I know that the registers of "pubblicazioni di matrimonio" (and their "allegati") were filled up by the Registrar but at the end of the year they were sent to the "tribunale" together with the second copy of all the other registers, and physically archived by the same "tribunale".
Nowadays a lot of "tribunali" had poured over their archives to the "Archivio di Stato" of their province but i'm not sure if all of them really did it.
I recently confirmed that my great-great-grandfather was born in Garzeno in 1836 and emigrated to America in 1863. In preparation for a visit to Garzeno this summer, I have been researching any relatives of my g-g-grandfather who might still live in Garzeno today.
I found that my g-g-g-grandparents also had a daughter, so my g-g-grandfather Giovanni Domenico Matteri had a sister, Maria Matteri. She married and had (at least) 5 children in Garzeno. One of her daughters, Domenica Robba, married Pietro Antonio Bordessa in 1885 and they had (at least) 7 Bordessa children, 3 of whom lived to be adults and married. Two of her surviving children had their own children: a daughter, Graziosa Bordessa, who married Giovanni Mazzuchi in 1924 had 4 Mazzuchi children; and a son, Pietro Donato Bordessa, who married Rosa Estarina Maffioli in 1925 and had 6 Bordessa children. Given their birth years, at last some of that Bordessa generation are probably still living -- I found one of them in the PagineBianche (white pages of the Garzeno telephone book).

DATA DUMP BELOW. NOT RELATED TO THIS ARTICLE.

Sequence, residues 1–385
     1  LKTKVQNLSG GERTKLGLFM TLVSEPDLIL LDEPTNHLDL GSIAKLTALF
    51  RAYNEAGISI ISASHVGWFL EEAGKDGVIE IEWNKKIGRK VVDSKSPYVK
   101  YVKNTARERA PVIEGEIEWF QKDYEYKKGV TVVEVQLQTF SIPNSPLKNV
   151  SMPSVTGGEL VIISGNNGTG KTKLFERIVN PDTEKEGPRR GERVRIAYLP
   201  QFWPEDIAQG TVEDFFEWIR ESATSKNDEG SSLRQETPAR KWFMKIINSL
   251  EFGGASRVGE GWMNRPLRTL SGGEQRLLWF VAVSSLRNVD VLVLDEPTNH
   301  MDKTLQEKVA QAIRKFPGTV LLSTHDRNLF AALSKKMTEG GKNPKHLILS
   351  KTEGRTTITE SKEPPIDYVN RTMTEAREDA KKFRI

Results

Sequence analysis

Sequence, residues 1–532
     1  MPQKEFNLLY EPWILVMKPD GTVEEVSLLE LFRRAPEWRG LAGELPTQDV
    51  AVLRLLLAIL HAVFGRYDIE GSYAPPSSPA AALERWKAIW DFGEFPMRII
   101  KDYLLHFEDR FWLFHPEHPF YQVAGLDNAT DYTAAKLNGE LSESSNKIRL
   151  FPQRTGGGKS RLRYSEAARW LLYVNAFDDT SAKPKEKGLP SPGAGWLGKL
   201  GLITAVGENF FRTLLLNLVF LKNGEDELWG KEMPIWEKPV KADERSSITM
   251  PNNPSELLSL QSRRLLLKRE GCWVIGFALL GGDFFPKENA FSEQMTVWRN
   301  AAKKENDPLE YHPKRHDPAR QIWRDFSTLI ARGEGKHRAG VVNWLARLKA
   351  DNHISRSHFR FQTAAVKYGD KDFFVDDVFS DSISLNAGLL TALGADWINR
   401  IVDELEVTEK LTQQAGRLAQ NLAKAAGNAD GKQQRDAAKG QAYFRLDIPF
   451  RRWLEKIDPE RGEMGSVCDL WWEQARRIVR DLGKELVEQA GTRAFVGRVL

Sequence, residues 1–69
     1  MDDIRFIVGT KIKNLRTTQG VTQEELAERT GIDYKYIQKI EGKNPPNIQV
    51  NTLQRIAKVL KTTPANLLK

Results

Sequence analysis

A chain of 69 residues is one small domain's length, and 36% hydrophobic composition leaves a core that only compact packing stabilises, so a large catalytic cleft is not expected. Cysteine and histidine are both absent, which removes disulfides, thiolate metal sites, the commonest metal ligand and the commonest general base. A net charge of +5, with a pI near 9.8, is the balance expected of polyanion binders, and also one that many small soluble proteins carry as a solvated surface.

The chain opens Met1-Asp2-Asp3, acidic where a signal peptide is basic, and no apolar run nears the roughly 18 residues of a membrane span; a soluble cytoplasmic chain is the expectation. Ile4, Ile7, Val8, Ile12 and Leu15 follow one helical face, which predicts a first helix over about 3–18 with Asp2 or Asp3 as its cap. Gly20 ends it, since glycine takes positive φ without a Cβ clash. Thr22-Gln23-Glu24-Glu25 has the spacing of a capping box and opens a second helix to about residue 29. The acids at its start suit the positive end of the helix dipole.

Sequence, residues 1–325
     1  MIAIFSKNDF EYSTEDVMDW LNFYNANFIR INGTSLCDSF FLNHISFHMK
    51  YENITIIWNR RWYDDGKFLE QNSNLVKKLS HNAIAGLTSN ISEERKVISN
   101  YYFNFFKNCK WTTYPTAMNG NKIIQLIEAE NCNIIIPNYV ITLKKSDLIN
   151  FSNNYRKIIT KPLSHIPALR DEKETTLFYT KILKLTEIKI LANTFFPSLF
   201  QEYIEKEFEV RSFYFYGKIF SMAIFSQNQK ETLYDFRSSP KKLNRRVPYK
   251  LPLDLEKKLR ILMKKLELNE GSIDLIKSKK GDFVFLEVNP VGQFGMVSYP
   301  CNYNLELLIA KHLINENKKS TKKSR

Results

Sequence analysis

So we might be somehow related! I am still researching down the lines to as current as possible, but would be happy to send you the chart I have put together so far. By the way, the inter-marriages, and reuse of family names, in the 1800's and early 1900's in that small village of Garzeno makes doing the research and piecing together the puzzle very challenging -- but fun!